Will English Survive?

Instant Quiz

Can you correct the error in the sentence below? Scroll to the bottom of today’s post for the answer.

Her explanation sounds differently than what Mr. Callahan told us.


Is the English language in trouble? A recent article in Harper’s Magazine (“Semantic Drift,” August 4, 2019) answers that question with a strong yes.

Author Lionel Shriver is a successful novelist who cares passionately about English. She lists a number of alarming trends, including grammar problems, punctuation mistakes, and careless word choices. English is on life support, and she wants us to fight back.

I’m confident about the future of our language, and I think Shriver is wrong. I recently published my response to her article in an online magazine – The Writer’s Guild. Click the link to read it.

A man who's drowning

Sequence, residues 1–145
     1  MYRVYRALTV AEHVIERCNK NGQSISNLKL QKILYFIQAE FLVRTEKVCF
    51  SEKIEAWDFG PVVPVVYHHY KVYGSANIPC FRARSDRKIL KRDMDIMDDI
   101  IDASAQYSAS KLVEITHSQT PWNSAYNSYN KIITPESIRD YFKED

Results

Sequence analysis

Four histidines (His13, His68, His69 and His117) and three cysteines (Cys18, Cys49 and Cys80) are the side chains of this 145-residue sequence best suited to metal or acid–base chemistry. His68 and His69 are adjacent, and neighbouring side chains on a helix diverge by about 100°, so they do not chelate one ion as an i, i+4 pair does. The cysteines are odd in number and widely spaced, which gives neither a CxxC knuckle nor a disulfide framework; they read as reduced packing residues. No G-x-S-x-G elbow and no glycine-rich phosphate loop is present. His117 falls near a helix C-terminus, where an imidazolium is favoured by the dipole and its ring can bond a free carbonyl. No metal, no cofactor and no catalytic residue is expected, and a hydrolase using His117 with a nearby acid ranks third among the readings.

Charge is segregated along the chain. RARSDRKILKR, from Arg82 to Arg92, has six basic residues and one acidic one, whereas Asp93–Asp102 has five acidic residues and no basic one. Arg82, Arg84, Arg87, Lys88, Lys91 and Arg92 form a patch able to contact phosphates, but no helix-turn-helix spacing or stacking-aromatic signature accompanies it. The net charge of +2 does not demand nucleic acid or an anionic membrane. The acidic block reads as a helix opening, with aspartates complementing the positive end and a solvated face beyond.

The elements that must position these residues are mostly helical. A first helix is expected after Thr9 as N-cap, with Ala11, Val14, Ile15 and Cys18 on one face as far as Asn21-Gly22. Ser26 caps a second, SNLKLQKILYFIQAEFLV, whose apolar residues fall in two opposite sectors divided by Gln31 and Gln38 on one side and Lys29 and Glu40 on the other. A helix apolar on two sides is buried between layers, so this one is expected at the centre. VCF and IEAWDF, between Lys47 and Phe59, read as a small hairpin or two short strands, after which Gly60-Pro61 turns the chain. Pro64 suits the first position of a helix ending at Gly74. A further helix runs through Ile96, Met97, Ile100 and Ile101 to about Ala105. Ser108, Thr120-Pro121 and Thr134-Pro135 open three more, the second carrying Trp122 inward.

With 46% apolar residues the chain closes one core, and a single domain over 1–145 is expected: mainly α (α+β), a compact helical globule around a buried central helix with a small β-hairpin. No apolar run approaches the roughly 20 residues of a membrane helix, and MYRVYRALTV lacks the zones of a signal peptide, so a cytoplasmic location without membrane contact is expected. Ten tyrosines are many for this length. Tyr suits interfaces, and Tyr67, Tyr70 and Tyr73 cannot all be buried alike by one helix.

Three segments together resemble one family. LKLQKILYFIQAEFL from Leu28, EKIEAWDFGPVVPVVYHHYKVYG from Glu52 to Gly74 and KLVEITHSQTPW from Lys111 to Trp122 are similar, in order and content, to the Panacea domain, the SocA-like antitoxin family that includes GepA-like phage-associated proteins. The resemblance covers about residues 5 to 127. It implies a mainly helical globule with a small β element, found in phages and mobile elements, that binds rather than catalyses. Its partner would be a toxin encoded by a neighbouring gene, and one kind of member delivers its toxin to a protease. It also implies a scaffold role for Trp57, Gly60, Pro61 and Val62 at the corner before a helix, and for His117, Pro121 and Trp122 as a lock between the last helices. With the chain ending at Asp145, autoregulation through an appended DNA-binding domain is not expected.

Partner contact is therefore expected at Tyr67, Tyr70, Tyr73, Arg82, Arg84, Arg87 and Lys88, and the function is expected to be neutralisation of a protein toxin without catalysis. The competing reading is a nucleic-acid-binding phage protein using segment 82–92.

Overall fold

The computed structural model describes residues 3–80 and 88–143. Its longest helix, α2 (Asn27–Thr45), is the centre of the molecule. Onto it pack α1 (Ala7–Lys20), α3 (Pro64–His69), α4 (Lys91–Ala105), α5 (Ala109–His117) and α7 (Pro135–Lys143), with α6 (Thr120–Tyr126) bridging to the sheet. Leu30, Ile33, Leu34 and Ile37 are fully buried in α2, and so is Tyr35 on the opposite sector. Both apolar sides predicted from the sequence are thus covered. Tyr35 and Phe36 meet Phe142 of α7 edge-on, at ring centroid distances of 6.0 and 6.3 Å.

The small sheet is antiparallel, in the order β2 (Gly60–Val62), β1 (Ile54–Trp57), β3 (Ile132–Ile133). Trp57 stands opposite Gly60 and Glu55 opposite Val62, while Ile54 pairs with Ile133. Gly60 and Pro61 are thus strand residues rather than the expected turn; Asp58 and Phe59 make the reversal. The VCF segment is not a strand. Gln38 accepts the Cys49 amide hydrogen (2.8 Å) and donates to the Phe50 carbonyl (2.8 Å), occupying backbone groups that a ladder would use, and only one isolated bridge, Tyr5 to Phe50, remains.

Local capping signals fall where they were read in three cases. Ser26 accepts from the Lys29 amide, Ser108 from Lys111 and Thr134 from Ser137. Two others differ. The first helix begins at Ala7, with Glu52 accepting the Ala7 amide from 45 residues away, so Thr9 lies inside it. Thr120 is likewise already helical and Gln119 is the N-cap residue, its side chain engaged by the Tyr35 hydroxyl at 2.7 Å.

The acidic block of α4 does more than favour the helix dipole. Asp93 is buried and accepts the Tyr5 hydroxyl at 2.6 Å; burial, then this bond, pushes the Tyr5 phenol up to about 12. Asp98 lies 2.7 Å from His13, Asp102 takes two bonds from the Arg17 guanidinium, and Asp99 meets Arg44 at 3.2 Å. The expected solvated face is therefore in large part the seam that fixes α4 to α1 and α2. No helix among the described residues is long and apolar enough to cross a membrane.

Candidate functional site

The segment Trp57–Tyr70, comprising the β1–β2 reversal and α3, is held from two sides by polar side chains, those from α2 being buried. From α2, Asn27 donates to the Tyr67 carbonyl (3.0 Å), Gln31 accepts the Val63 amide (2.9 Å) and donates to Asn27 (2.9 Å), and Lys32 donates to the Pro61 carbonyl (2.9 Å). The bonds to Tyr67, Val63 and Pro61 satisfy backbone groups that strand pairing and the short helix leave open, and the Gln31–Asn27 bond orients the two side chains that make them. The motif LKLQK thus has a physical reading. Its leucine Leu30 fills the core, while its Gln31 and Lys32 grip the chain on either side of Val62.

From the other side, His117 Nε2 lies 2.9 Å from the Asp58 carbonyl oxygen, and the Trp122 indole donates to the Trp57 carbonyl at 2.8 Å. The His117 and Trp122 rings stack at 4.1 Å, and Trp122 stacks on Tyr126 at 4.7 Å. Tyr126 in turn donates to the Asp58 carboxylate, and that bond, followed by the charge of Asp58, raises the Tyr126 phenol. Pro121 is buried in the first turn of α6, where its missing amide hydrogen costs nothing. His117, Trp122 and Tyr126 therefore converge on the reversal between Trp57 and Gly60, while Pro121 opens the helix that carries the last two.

Short Pencil Point Deviant Art ok

Instant Quiz ANSWER

Sounds is a linking verb (some grammarians call it a copulative verb). That’s grammar-speak for a simple principle: Think “is.”

Her explanation is different than what Mr. Callahan told us.  CORRECT (no –ly on different)

So you would write the sentence this way:

Her explanation sounds different than what Mr. Callahan told us.  CORRECT (no –ly on different)

If you really want to sound professional, change than to from:

Her explanation sounds different from what Mr. Callahan told us.  CORRECT

What Your English Teacher Didn’t Tell You is available in paperback and Kindle formats from Amazon.com and other online booksellers.
“A useful resource for both students and professionals” – Jena L. Hawk, Ph.D., Mississippi Gulf Coast Community College